Costa Rican Gallo Pinto

Passed to your plate by Jimena Rosés-Sierra

As a Tica (Costa Rican native), there’s nothing more traditional and iconic than Gallo Pinto, so it is very dear and near to my heart dish.  Dubbed the unofficially official dish of Costa Rica, Gallo Pinto is a surprisingly simple mixture of beans and rice, but when made right, the flavors will take you right back to that little café on the beach or cozy restaurant in the rainforest where you first tried it.

No one who’s ever visited Costa Rica is likely to forget Gallo Pinto, and those who haven’t visited rarely understand how people can be so enamored of rice and beans.  Read more

 

Print Recipe
Jimena Rosés-Sierra
Prep Time 10 minutes
Cook Time 30 minutes
Servings
Ingredients
  • 2 cups cooked rice not fresh
  • 2 cups cooked black beans
  • 3 tablespoons olive or vegetable oil
  • 2-3 garlic cloves minced
  • 1/2 onion medium, diced
  • 1 red bell pepper or combination of different-colored peppers, diced
  • 1/2 cup bean cooking oil or liquid from canned beans
  • 1/2 teaspoon salt
  • 1/2 tablespoon pepper
  • 1/2 cup cilantro chopped
  • 2 tablespoons salsa lizano found at jungle jim's $5 quart bottle
Prep Time 10 minutes
Cook Time 30 minutes
Servings
Ingredients
  • 2 cups cooked rice not fresh
  • 2 cups cooked black beans
  • 3 tablespoons olive or vegetable oil
  • 2-3 garlic cloves minced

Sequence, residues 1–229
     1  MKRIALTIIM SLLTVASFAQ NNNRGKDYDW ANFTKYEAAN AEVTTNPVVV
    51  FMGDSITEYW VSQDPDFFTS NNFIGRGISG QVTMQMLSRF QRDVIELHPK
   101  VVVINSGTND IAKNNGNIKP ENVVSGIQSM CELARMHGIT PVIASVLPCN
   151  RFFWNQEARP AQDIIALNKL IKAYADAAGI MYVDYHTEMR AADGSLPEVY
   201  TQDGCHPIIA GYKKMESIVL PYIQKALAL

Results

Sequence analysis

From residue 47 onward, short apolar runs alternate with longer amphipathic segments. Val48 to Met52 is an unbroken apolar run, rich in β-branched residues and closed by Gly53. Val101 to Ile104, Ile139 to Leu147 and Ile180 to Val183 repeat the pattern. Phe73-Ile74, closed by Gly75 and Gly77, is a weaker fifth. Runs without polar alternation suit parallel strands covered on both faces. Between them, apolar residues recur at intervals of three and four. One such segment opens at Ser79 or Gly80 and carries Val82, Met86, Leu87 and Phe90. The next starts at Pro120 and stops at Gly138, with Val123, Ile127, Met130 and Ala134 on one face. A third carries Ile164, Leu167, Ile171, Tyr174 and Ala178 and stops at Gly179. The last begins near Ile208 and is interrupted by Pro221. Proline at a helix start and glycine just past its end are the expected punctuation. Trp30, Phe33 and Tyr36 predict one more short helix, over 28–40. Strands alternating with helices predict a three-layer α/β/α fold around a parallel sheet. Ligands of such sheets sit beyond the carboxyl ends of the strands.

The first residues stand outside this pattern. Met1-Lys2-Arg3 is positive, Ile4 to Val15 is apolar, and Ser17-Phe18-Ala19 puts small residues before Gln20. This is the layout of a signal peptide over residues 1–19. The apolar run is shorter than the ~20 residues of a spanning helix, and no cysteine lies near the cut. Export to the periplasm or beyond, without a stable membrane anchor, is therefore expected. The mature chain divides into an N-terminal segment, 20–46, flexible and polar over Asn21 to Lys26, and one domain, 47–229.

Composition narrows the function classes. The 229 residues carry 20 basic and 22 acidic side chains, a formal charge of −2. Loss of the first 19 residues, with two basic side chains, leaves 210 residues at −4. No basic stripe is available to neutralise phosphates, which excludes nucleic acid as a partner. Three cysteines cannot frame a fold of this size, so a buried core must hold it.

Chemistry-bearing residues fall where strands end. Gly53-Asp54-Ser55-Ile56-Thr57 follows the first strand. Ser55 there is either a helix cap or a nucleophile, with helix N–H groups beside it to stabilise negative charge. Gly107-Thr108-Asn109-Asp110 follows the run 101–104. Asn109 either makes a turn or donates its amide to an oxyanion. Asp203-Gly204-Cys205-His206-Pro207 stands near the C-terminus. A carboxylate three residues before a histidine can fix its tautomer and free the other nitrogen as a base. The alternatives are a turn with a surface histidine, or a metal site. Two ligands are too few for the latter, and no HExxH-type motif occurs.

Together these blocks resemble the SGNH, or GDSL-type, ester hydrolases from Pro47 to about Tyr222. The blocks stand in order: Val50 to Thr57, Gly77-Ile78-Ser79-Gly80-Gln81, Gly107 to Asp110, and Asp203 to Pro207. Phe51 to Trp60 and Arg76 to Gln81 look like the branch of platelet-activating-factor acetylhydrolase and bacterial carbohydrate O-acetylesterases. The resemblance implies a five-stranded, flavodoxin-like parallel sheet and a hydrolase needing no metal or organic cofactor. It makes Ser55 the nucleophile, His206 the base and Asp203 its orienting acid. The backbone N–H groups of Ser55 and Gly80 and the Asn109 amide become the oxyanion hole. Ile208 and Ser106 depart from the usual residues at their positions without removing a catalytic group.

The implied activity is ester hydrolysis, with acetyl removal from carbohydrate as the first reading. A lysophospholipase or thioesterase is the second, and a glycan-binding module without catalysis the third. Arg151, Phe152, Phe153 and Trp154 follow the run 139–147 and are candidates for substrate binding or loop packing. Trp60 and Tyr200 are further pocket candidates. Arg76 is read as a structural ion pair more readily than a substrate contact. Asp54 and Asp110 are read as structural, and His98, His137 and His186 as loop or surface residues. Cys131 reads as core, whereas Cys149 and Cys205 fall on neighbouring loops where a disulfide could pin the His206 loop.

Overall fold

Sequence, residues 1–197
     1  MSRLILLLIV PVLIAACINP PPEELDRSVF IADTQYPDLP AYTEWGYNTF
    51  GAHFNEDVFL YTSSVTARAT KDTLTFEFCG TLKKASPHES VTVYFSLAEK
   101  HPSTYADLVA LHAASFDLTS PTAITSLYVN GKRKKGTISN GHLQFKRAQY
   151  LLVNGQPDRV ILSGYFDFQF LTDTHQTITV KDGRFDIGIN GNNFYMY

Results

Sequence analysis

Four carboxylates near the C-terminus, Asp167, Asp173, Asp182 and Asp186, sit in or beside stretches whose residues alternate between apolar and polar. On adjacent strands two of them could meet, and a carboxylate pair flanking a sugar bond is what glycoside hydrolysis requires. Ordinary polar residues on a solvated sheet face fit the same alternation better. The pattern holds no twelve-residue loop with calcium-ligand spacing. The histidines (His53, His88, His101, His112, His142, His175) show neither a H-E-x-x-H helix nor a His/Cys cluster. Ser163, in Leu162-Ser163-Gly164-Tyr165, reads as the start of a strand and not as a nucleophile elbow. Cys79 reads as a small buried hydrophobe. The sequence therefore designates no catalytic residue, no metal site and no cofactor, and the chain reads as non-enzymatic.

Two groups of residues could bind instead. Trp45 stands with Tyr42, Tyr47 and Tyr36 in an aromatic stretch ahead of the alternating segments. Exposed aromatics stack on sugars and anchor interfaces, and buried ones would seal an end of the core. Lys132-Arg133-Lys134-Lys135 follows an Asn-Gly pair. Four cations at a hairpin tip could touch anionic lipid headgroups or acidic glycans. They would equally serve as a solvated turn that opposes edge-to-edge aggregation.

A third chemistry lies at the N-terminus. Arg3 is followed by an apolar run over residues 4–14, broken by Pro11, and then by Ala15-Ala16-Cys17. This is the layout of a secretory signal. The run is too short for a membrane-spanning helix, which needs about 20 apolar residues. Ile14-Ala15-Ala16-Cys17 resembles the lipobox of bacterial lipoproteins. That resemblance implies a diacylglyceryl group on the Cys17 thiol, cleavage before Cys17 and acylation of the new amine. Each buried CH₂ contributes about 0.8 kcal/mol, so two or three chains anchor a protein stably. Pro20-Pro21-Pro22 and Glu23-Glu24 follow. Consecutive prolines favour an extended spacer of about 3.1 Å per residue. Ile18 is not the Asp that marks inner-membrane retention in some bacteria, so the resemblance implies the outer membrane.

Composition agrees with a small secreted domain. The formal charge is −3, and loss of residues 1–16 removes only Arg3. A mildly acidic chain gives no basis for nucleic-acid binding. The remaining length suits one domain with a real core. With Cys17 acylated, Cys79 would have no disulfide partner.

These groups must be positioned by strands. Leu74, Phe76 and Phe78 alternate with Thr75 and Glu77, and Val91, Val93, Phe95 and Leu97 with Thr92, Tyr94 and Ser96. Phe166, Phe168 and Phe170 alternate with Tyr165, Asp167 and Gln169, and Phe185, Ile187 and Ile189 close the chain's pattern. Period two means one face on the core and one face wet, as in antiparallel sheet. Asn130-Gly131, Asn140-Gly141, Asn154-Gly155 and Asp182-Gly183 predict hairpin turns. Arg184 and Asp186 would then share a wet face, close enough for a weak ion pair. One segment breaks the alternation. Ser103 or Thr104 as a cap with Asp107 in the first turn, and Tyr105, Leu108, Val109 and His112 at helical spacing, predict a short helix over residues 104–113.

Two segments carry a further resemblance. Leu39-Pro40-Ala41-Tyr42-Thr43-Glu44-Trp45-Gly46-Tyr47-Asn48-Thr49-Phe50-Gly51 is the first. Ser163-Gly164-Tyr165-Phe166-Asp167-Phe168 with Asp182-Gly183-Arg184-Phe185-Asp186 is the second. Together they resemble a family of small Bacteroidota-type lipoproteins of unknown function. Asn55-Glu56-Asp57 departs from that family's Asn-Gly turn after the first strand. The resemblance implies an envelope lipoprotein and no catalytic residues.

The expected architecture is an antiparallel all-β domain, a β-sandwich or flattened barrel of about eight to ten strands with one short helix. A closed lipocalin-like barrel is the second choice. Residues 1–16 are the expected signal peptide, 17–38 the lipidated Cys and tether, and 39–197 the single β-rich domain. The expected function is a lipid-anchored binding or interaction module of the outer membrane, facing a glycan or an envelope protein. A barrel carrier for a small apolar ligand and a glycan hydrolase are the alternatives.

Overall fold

• 1/2 onion medium, diced
  • 1 red bell pepper or combination of different-colored peppers, diced
  • 1/2 cup bean cooking oil or liquid from canned beans
  • 1/2 teaspoon salt
  • 1/2 tablespoon pepper
  • 1/2 cup cilantro chopped
  • 2 tablespoons salsa lizano found at jungle jim's $5 quart bottle
Instructions
  1. In a large, deep cast-iron or heavy bottomed pan, heat the olive oil over medium heat. Add the rice and sauté for about 10 minutes, stirring often.
  2. Add the onion, and when it’s begun to soften, add the garlic, and bell pepper, Sauté for 6 to 8 minutes, or until the onion is translucent and vegetables have become nearly tender.
  3. Stir in the beans and cooking liquid, salt and pepper and 2 tablespoons of Salsa Lizano.
  4. Cook until most of the liquid is absorbed but the mixture is still moist, about 10 to 15 minutes. If it begins to dry out, add a bit more bean liquid. Stir in the chopped cilantro and remove from the heat.
Serving Suggestions
  1. Gallo Pinto can be eaten at any time of day at any meal but is typically a breakfast staple, served alongside eggs (scrambled or fried), corn tortillas, fried plantains, and natilla (nah-TEE-jah, similar to sour cream but a little bit creamier with a sweet aftertaste).
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